What do you do with the ball screw? Despite the fact that it’s the preferred method for motion control in machine tool applications due to its efficiency, precision and stiffness, it does have one significant disadvantage over linear systems – speed.
To counter that challenge, designers at Thomson IBL in Barnstable have taken another look at the ball screw and come up with a significant redesign, increasing traverse speeds up to 200 metres per minute, double that of existing designs.
According to Technical Manager Kelvin Kollond, there are two factors that limit the transfer speed of conventional shaft driven ball screws. They are the vibration caused by the shaft running at its critical speed, and the ability of a ball transfer system to efficiently handle the necessary flow rate of ball bearings over an acceptable life.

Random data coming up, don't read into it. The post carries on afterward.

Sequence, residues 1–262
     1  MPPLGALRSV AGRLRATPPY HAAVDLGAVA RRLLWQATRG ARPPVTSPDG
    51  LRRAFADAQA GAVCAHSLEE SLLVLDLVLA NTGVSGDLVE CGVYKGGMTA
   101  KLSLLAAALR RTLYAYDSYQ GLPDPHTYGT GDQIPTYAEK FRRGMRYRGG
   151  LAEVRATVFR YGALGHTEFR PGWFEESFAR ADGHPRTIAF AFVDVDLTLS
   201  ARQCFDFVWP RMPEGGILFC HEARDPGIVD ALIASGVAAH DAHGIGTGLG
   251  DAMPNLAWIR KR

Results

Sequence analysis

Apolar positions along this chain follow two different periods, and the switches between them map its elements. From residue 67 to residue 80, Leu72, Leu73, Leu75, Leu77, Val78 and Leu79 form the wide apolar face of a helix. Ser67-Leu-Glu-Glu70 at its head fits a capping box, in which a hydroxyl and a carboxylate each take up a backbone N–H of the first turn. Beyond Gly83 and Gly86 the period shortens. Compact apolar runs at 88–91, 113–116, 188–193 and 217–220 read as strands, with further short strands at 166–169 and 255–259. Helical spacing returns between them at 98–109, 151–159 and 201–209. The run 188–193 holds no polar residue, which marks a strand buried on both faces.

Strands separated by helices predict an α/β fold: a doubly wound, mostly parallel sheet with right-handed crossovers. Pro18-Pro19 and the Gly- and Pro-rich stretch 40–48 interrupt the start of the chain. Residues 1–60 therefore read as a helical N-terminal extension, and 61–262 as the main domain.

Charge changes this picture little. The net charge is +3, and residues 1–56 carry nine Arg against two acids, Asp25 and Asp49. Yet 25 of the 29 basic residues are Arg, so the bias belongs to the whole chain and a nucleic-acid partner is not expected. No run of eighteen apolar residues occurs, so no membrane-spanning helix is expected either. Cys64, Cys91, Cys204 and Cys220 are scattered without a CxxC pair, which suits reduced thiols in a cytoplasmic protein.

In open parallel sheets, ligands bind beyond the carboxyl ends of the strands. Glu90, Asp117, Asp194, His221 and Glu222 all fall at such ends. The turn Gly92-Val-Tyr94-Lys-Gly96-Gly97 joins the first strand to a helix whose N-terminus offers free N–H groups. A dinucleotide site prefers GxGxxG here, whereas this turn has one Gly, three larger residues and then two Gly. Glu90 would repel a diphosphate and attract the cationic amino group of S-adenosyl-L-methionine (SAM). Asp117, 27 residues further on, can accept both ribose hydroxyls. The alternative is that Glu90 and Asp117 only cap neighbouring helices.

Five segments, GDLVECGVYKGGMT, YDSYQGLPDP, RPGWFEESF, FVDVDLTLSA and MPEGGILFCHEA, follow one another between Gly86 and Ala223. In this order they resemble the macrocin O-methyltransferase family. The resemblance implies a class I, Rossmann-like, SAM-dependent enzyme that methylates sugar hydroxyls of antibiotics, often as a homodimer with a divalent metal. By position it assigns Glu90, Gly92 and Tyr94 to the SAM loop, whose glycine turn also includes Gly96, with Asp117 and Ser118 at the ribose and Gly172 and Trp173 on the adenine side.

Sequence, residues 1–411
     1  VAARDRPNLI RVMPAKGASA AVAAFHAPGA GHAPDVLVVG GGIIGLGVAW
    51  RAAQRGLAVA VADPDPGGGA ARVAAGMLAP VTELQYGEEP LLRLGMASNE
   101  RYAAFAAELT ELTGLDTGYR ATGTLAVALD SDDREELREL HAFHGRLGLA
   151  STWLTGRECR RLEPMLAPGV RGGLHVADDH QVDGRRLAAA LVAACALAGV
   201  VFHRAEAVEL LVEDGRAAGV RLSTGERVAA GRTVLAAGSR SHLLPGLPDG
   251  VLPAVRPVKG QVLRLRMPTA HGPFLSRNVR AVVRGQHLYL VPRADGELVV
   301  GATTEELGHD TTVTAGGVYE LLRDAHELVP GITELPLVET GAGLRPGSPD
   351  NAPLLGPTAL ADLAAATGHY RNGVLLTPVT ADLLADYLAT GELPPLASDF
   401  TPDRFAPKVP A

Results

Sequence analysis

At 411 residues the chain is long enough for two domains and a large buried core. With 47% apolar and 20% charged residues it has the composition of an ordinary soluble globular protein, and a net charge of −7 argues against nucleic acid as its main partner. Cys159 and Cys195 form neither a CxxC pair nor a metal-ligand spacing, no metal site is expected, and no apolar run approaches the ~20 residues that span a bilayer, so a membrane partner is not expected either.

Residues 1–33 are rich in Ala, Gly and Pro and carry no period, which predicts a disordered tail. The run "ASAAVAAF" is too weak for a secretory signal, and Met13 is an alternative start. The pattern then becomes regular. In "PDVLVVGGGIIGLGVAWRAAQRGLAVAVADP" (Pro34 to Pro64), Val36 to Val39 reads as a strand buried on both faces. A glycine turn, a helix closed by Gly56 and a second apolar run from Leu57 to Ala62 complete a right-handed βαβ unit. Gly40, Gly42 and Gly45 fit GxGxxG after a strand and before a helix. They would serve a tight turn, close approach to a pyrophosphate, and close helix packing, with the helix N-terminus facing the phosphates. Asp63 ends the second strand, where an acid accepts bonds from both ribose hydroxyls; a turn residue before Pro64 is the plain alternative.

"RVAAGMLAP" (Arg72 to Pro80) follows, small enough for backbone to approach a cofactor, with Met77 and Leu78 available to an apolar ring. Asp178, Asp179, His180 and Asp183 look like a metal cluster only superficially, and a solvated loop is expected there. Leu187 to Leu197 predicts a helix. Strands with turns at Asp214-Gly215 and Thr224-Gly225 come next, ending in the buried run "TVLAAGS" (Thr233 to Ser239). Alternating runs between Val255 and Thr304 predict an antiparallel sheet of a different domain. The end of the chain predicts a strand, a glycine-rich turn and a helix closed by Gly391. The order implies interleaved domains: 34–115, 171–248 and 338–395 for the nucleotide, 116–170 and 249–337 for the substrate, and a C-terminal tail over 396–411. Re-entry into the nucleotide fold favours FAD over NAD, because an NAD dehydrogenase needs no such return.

These limitations have been overcome in the new RN series by allowing the shaft to remain fixed and driving the nut instead. This means that there are no rotational critical speeds to limit traverse rates. The new design also incorporates a hollow shaft, further reducing vibration and noise. The RN series comprises a standard diameter and standard lead screws around a flange type precision housing that enables a timing belt to drive the nut and contains the preloaded rotating ball nut assembly.